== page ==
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Overarching Research Issue

Our research at the SFB 700 is based on the understanding that the great majority of the world population is living in areas of limited statehood. In those areas the state power to implement rules and to sustain a legitimate monopoly of force is at least to some degree limited. However, even there we oftentimes observe effective governance services, both on a world scale and when looking at history. Deriving from this observation the SFB 700 poses the questions:

  • How can effective and legitimate governance be sustained in areas of limited statehood?
  • What problems emerge under such conditions?
  • Which consequences may arise from non-state governance for national and international politics?

During our second funding period we developed four central conclusions at the SFB 700. To start with, we discovered the following governance models both in our empirical, contemporary, and historical research:

  • hierarchical and non-hierarchical ruling without a state structure
  • the respective central government delegating governance to external and internal/local actors
  • diverse non-hierarchical negotiating systems involving different actors.

Our second conclusion was that we could not find a systematic connection between the degree of residual statehood and the effectiveness of governance modes in areas of limited statehood. Also, effectiveness and legitimacy of governance do not vary depending on certain policies. However, this does not imply that state or statehood do not play any role in the areas that we looked at. Our third research finding proves the close connection between (empirical) legitimacy and effective governance. When governance is being perceived as legitimate or illegitimate, it consequently triggers a process of adaptation or defense which in return supports or hinders the governance's effectiveness. From a normative perspective our fourth finding distinguishes clearly between instrumental and intrinsic justifications of a certain way of ruling. Instrumental justifications potentially legitimize a governance model if there is consensus on the ruling objectives. Yet, the justifications are limited to the restricted sphere of protection of fundamental human rights and other indisputable goods. Governance services exceeding this limited sphere require participatory processes working on the definition of the respective issues and objectives.

During this current third funding period of the SFB 700 we intend to develop a solid theory of governance in areas of limited statehood based on and backed up by our previous empirical findings. We assume four groupings of conditions to explain the success of effective governance in areas of limited statehood.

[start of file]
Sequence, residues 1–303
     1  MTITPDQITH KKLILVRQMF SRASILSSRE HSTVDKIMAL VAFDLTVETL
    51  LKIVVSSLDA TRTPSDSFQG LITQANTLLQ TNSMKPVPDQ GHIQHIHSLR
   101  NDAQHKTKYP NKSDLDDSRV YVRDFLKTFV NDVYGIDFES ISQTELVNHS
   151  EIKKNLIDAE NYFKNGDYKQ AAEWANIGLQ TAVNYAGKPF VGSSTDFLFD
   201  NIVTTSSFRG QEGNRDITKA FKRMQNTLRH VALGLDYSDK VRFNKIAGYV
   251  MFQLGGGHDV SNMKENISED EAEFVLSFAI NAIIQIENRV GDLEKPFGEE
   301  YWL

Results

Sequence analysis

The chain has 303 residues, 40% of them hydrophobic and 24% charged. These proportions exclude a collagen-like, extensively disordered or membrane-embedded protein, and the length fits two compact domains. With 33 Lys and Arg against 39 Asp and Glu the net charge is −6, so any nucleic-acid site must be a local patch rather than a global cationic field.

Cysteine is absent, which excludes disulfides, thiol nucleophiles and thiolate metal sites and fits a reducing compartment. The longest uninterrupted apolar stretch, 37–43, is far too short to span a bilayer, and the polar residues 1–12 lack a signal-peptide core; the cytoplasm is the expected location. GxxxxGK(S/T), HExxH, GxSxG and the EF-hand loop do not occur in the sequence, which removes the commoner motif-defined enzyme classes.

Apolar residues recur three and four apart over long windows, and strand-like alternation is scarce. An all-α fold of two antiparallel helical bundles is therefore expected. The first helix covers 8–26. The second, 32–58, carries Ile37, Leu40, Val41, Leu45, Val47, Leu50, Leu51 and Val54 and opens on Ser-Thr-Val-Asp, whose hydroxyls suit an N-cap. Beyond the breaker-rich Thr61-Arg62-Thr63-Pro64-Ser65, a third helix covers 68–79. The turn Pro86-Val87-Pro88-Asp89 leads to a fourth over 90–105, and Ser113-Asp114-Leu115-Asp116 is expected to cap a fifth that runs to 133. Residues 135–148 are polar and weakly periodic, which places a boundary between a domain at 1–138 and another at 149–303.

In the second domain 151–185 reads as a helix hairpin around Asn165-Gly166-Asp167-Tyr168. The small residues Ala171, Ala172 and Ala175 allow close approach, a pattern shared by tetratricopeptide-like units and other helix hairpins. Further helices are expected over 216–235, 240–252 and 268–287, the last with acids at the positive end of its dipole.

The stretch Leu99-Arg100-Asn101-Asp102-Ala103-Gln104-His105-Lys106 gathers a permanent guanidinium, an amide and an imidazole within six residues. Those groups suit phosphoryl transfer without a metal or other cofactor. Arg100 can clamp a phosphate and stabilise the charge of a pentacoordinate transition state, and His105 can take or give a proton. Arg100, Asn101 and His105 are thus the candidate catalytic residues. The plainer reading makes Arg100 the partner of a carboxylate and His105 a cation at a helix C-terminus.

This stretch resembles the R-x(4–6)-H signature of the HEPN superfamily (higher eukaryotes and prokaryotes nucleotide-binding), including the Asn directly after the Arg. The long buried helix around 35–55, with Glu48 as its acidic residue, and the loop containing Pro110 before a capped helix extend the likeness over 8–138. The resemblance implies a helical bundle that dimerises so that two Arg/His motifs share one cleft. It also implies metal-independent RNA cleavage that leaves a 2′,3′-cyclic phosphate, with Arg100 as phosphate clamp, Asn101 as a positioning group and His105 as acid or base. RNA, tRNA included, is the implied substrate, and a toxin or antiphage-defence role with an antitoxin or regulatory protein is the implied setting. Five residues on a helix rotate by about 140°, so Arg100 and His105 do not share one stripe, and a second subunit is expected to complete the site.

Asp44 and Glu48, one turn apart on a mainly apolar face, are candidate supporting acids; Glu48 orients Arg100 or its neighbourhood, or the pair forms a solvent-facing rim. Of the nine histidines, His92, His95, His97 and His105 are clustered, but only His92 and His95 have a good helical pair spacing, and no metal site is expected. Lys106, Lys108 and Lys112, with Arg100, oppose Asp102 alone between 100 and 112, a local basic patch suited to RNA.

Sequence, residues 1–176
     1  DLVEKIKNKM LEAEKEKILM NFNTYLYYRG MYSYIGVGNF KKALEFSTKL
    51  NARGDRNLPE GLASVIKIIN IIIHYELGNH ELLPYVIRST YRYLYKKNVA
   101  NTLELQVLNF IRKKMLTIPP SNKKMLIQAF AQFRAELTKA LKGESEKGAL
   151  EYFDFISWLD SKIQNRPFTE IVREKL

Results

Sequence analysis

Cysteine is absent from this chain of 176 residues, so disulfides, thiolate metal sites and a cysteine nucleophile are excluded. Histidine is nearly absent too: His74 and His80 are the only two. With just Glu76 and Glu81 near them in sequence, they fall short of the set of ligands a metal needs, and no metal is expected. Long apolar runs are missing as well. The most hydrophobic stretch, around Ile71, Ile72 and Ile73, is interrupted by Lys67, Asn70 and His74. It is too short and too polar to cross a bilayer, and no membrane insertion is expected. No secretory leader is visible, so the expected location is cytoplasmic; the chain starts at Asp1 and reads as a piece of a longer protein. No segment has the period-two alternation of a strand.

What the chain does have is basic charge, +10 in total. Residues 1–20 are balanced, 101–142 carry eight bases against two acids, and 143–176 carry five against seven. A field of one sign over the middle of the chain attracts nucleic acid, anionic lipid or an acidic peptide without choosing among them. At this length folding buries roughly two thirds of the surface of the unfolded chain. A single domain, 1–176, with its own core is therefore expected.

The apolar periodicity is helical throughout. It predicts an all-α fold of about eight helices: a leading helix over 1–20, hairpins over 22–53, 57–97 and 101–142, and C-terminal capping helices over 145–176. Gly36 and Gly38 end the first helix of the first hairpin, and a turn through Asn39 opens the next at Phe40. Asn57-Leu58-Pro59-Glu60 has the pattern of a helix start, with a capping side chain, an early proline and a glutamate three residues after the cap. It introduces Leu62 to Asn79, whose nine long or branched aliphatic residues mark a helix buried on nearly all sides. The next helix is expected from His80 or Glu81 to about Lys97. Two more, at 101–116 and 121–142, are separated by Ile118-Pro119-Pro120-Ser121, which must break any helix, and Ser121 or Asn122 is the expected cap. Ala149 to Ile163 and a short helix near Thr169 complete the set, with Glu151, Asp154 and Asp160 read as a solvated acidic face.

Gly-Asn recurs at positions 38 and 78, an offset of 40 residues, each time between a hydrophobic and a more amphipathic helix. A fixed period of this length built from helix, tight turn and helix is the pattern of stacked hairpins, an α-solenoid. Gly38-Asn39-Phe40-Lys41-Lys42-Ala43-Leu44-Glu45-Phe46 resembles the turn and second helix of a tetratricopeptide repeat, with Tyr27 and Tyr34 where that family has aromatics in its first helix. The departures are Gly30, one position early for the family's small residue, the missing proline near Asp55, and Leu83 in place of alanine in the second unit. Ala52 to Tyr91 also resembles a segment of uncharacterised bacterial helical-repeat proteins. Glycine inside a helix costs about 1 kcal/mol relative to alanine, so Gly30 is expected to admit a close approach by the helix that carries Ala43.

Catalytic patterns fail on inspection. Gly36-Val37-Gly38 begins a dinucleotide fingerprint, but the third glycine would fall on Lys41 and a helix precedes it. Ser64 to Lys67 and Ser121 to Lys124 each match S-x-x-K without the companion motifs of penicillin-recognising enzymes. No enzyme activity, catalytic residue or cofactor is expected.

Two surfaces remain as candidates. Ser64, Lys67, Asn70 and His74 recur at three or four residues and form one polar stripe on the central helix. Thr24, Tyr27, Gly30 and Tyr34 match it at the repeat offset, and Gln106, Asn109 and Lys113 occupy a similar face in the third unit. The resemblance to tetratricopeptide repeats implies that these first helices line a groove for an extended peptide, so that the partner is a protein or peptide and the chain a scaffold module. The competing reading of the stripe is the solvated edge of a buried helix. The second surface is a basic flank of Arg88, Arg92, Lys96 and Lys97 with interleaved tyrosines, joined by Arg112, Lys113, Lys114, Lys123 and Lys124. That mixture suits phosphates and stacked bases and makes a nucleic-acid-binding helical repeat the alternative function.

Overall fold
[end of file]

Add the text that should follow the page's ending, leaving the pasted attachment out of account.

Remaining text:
(1) Institutional arrangements: the level of established forms under a specific governance is relevant for this category. What also matters is the adaptability to the local context, the interaction of formally established rules and regulations, and the informal practices. Furthermore, what contributes to institutional arrangements on a meta-governance level is the inclusion of institutions that coordinate the varying governance actors and provide a regime in case of clash.

(2) (Residual) statehood and functional equivalents: functional equivalents to the state "shadow of hierarchy" are, amongst others, the hierarchical control by external actors, the "shadow of anarchy" (the threatened absence of political order), as well as anticipated non-governmental actors boosting their reputation.

(3) (Empirical) legitimacy: legitimacy and effectiveness of governance may form either a virtuous or a vicious circle. In the eyes of the affected individuals, legitimacy of governance is a crucial factor influencing their strategies of acting. And in return, the related process of adaptation, defense, and translation has a significant impact on the effectiveness of the respective governance.

(4) Social integration and trust: social trust is an essential requirement for the effective solving of issues around collective acting. Mutual trust enables actors to perform governance services independently. We pose the question on how personalized trust influences governance and how generalized trust that exceeds local communities can be created.


Our second contribution to a theory on governance in areas of limited statehood lies in our research on explaining how empirical legitimacy of governance is created and marks a central condition for success of effective governance. What are the normative factors that make affected individuals favor a certain governance? Pursuing this research question we focus on the following origins of legitimacy:

  • participation and procedural fairness (legitimacy of input and throughput);
  • the anticipated effectiveness of governance (output legitimacy);
  • unique qualities of governance actors (knowledge, ethical and religious competence, and ethnicized means of identification);
  • and localization and translation of external norms.


At last, during our current third funding period we focus on the consequences of governance in areas of limited statehood, do a normative evaluation, and work on policy recommendations. At this point of our research, we now intend to understand the effects of complex governance arrangements on state, statehood, and the international system. Also, we analyze different possibilities to coordinate diverse governance actors and to mediate between different normative demands (meta-governance). To round up our research objectives, we examine the pressing questions on the worthiness of recognition and social justice of governance in areas of limited statehood.